The purpose of the session was for experienced leaders to share their stories and discuss what skills are required for effective leadership, so new managers and people who are thinking about making the switch could learn from people who have been before them.
You can find the original audio on SoundCloud.
This is a writeup of what was discussed in the session.
At some stage you’re going to have to do a performance review.
Being honest in the review can be hard when you start, but the people in your team really appreciate feedback because it’s personal.
Reviews should contain no surprises. If you get to a review and your team member is surprised by something said, it’s too late. When you give feedback, be specific and call out specific good work – it shows that you as a leader are noticing and appreciating the work that’s being done. Generic platitudes of “good job” aren’t effective.
But don’t just wait for a review – force yourself to give feedback whenever you can. Showing that you notice what people in your team are doing is really powerful, and is a big influencer of behaviour. You might feel like you’re giving too much feedback to your team, but every person on your team is only seeing a slice of the feedback.
Sometimes 1:1s are the last thing you want to do if you’re an introvert.
It shows up in your calendar, and you think “I wonder if I just don’t show up today?”. But when your boss doesn’t show up, you both stop talking about the 1:1, and mutually implicitly decide not to do more 1:1s. Force yourself to do them even when you don’t want to – you’ll often find within a minute that you’re enjoying it, because you’re feeding off the response you’re getting: that it’s important to them.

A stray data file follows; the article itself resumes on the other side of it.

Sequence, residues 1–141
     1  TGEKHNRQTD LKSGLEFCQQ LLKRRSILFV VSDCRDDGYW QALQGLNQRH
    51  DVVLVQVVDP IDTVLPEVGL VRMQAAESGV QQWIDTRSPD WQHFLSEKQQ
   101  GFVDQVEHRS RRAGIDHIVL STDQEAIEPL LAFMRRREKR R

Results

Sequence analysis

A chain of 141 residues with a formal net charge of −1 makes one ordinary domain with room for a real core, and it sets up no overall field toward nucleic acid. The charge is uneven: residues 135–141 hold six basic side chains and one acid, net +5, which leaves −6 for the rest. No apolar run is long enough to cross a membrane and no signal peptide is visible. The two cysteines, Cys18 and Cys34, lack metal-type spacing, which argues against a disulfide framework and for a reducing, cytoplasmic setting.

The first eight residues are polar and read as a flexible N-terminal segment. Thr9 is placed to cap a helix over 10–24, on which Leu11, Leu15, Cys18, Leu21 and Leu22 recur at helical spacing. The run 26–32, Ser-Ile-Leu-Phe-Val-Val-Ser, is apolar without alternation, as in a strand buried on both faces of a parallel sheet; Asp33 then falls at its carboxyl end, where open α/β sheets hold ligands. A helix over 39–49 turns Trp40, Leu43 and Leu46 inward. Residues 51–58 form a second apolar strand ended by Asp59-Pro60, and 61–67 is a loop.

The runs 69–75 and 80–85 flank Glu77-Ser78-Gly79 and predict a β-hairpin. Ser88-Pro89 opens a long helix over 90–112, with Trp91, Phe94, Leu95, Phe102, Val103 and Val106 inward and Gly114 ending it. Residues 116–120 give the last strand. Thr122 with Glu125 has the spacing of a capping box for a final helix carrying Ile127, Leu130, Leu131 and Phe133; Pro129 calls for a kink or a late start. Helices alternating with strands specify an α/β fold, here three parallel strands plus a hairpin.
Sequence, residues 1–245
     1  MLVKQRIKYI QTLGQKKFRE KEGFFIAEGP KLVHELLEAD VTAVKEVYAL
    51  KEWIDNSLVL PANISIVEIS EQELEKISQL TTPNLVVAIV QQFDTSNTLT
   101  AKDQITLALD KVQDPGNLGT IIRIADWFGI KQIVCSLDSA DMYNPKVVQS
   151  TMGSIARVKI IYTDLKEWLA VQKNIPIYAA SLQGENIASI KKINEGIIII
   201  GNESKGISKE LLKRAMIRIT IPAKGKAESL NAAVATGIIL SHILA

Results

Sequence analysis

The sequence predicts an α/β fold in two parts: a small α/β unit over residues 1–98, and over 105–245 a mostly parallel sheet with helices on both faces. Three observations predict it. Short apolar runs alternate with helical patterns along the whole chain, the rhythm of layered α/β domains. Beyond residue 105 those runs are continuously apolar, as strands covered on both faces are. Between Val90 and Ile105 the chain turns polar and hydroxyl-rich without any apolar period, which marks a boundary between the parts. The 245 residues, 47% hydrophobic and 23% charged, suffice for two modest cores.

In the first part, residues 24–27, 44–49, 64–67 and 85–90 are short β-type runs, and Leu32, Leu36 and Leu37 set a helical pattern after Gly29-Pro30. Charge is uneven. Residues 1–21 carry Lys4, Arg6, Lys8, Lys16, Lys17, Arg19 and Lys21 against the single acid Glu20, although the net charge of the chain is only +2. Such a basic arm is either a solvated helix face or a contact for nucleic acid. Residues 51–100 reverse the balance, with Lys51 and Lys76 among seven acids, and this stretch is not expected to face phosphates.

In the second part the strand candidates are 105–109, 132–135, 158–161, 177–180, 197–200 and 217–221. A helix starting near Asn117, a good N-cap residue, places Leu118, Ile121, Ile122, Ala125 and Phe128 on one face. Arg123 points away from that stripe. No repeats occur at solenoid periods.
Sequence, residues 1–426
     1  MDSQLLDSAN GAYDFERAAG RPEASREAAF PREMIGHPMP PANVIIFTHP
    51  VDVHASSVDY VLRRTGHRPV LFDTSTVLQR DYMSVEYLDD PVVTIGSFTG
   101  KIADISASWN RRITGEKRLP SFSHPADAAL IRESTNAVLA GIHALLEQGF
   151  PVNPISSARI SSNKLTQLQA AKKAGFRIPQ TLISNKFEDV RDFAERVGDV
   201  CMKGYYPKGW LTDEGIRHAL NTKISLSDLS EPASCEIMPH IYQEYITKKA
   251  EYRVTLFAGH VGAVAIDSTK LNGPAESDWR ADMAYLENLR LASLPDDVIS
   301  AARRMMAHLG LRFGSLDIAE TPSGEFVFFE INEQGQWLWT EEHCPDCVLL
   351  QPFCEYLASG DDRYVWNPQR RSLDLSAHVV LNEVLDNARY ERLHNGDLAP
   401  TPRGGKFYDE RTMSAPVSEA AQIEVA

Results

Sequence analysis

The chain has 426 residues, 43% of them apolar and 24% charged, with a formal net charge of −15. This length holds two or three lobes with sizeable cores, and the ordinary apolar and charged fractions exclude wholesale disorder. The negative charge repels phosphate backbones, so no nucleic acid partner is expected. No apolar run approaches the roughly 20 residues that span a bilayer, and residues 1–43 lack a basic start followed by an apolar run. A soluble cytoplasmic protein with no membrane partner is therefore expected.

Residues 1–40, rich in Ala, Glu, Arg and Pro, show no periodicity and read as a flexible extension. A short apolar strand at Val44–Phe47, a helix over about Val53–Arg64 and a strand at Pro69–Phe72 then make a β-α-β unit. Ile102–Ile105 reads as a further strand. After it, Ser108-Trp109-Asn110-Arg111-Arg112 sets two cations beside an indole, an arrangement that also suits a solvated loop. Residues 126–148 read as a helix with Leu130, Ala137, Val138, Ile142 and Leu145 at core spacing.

People might do 1:1s because they feel they have to.
Why should I do it? Why should I talk about family, weekend, work? We’re engineers! We know what each other do!
But people are more engaged if you know about their family, and they know about yours. It’s surprising to know these things work, but also relieving – it’s not black magic, it’s just how humans work. We attach to each other more when we’re socially connected.
You should be meeting people a minimum every fortnight, so there are no nasty surprises.
But separate 1:1s-as-a-status-update from 1:1s-as-a-personal-update. It’s important to do both, but separate the concerns.
Get team leads together in your organisation, and get them sharing experiences and lessons. Make sure new managers talk to one another, and bounce ideas around.
It’s also important to pair up new managers with an experienced manager to bounce ideas around.
These pairing doesn’t have to be in the same department, because it’s dealing with people problems, not technical ones.
Also think about finding someone to bounce ideas off outside of the company – talk to ex-bosses, find mentors, individuals. They give you a perspective because they’re not trapped in your day-to-day.